Scorecard for the War
By THOMAS L. FRIEDMAN - March 26, 2003 - originalI was in a restaurant at Chicago's O'Hare Airport on Sunday, and it had an NCAA basketball game playing on the TV at one end of the bar and the Iraq war on the other. Most people were watching the basketball game — probably because it's so much easier to keep score. How will we know if we are winning in Iraq? Here are six things I am watching for:
(1) Have we occupied Baghdad — without leveling the whole city? This war is not being fought simply to disarm the regime of Saddam Hussein. It is being fought to replace that regime with a decent, accountable Iraqi government. That is the real prize here, because only such a government can stabilize Iraq and ensure that another Saddam-like general does not emerge. That can't even begin to happen until the capital has been taken by U.S. and British forces.
(2) Have we killed, captured or expelled Saddam? President Bush keeps saying that this war is not against one man. Nonsense. We have been chasing one man in Iraq for 12 years, and it is essential that he be eliminated because until and unless he is, Iraqis will never express what they really think and feel. Indeed, average Iraqis will not even know what they really feel until the dictator who has run their lives with an iron fist for more than 30 years is removed and they are certain that he is not coming back. (Do not rule out, even now, an Arab-brokered deal for Saddam to leave peacefully.)
(3) Have we been able to explain why some Iraqi forces are putting up such a fierce fight? Are these the most elite, pampered Special Republican Guard units, who have benefited most from Saddam's rule and are therefore willing to fight to preserve it? Or are these primarily Sunni Muslim units, terrified that with the fall of Saddam the long reign of the Sunnis of Iraq will end and they will be replaced by the Shiite majority? Or is this happening because even Iraqis who detest Saddam love their homeland and hate the idea of a U.S. occupation — and these Iraqis are ready to resist a foreign occupier, even one that claims to be a liberator? Knowing the answer is critical for how we reconstruct Iraq. It is not at all unusual for Arabs to detest both their own dictator and a foreign occupier. (See encyclopedia for Israel, invasion of Lebanon, 1982.)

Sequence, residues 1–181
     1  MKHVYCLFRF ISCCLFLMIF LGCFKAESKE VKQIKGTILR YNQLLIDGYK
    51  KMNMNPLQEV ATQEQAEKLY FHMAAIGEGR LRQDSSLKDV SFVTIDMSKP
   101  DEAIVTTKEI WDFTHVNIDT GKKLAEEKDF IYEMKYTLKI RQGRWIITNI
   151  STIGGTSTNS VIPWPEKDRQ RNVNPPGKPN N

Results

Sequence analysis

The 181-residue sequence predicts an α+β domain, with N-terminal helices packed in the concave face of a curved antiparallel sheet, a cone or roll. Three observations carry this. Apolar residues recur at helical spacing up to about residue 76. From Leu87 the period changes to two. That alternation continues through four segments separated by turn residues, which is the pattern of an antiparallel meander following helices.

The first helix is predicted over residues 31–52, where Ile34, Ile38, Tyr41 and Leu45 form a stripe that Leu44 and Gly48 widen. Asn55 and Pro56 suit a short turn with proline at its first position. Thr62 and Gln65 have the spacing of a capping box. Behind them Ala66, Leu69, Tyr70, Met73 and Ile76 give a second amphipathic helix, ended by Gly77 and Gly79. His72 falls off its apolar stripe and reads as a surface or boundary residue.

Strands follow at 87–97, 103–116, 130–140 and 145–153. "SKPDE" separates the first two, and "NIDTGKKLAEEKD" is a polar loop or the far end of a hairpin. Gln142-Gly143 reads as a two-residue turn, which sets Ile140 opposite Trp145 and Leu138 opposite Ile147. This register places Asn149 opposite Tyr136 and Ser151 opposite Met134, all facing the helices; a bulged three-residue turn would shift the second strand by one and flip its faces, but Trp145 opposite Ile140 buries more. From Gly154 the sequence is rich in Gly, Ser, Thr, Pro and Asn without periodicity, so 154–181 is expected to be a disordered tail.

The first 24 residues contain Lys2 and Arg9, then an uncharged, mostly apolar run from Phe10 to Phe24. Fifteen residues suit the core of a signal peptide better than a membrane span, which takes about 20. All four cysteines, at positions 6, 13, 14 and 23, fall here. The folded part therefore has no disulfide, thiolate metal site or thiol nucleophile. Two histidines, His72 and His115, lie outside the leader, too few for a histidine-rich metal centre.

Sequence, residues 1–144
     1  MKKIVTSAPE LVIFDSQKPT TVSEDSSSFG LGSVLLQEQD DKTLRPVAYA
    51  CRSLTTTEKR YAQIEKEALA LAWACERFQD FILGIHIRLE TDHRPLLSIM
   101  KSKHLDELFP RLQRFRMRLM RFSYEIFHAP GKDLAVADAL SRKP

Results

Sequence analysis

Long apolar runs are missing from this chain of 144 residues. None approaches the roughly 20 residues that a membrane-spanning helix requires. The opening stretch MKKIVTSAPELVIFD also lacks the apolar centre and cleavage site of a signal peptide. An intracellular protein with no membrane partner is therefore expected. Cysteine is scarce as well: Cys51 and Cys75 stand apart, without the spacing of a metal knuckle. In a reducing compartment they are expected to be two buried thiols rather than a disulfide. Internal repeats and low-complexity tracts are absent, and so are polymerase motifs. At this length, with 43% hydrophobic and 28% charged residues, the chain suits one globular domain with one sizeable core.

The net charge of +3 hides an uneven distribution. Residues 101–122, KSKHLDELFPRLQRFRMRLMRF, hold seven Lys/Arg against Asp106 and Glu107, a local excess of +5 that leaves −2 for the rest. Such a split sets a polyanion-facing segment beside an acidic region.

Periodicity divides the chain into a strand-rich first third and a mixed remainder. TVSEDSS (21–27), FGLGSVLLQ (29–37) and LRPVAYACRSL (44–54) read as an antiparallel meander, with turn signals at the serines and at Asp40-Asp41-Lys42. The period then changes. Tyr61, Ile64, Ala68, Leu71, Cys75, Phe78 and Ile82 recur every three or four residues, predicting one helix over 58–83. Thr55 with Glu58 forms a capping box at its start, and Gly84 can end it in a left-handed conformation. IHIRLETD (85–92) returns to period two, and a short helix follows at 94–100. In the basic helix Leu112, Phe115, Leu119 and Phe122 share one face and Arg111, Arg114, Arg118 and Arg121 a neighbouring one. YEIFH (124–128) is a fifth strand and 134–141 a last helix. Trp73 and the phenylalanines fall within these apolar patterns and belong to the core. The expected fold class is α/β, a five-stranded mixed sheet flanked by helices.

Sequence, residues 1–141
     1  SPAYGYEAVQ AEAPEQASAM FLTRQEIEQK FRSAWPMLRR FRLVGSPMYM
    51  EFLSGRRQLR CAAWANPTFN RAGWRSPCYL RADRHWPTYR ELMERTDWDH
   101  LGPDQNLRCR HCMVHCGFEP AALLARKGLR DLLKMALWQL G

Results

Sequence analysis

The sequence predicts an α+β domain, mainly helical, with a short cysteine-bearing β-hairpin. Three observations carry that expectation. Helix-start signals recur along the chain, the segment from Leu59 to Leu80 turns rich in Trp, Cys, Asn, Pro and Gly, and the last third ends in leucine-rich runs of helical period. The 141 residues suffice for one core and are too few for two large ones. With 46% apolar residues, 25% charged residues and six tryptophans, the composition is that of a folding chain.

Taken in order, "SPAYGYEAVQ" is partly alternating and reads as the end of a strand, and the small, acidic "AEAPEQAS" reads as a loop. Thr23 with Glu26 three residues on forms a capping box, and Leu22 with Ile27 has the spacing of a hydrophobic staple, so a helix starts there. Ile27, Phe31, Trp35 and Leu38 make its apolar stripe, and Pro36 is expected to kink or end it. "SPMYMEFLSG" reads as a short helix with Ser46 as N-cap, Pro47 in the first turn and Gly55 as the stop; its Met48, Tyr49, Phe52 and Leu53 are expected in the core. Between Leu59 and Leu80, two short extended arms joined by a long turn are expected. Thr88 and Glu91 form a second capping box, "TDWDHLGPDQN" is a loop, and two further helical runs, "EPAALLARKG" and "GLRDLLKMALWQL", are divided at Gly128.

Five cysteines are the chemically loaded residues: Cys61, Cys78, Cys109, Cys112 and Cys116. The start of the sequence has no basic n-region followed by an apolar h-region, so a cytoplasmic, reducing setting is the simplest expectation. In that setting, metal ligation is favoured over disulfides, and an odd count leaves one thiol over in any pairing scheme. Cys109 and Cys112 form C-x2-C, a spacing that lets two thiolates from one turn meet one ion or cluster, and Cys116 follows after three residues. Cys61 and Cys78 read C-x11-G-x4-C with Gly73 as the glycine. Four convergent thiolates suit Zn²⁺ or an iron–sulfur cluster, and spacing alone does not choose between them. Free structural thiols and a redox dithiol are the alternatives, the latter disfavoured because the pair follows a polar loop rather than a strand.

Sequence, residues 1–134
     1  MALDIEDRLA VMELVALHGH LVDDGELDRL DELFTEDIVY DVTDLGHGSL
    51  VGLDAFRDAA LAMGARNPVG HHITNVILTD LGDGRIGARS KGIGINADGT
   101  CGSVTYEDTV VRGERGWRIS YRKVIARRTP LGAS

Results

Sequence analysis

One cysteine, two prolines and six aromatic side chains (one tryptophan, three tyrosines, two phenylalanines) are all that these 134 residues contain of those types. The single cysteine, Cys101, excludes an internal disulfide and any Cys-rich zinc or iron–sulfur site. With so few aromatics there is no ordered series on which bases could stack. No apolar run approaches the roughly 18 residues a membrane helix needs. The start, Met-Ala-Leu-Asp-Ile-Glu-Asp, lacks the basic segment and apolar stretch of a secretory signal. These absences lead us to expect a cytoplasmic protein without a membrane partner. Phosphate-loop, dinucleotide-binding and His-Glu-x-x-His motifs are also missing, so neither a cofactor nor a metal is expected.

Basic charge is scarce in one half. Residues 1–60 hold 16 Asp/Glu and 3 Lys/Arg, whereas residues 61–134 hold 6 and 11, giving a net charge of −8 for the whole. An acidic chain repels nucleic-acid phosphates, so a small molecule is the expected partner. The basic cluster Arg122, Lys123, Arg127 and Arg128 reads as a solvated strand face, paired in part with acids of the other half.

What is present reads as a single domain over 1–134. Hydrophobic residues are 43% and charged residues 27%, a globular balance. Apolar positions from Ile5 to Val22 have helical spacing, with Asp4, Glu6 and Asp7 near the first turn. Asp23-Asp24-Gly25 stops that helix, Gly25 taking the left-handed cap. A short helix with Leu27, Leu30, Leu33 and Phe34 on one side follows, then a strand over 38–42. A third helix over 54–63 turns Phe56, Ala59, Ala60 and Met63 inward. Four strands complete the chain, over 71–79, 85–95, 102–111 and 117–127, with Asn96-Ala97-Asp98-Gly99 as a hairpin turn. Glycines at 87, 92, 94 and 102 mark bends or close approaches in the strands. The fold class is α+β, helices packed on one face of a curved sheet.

(4) Have we won this war and preserved the territorial integrity of Iraq? We can't rebuild Iraq if we can't hold it together. Both the Kurds and the Turks would like to bite off part of northern Iraq. The Bush team claims to be committed to preserving Iraq's unity, in which case it had better tell both the Turks and the Kurds: "Which part of `no' don't you understand? You Turks are not coming in, and you Kurds are not breaking away."
(5) Has an authentic Iraqi liberal nationalist emerged from the U.S. occupation to lead the country? Some pundits are already nominating their favorite Iraqi opposition figures to be Iraq's next leader. My gut tells me the only person who is going to be able to rule Iraq effectively is someone who has lived through Saddam's reign, not sat it out in London or Washington, and who is ready to say no to both tyranny and foreign control in Iraq. But even if he is an Iraqi exile, the next leader of Iraq has to emerge through some sort of consensual process from within Iraq. If the Bush team intends to force Iraq's next leader to quickly embrace Israel, if it intends to impose someone who has been dining with Richard Perle, such a leader will never take root.
(6) Is the Iraqi state that emerges from this war accepted as legitimate by Iraq's Arab and Muslim neighbors? That is very important, both for the viability of whatever Iraqi leadership follows Saddam, and for the liberalizing effect it may have on others in the neighborhood. In the absence of any U.N. endorsement for this war, the successor regime to Saddam will have to legitimize itself by becoming something that Arabs and Muslims will point to and say, "We don't like how this was done, but we have to admit America helped build something better in our neighborhood." This outcome is crucial.
If you see these things happening, you'll know that the political ends for which this war was launched are being achieved. If you don't, you'll know we're lost in a sandstorm.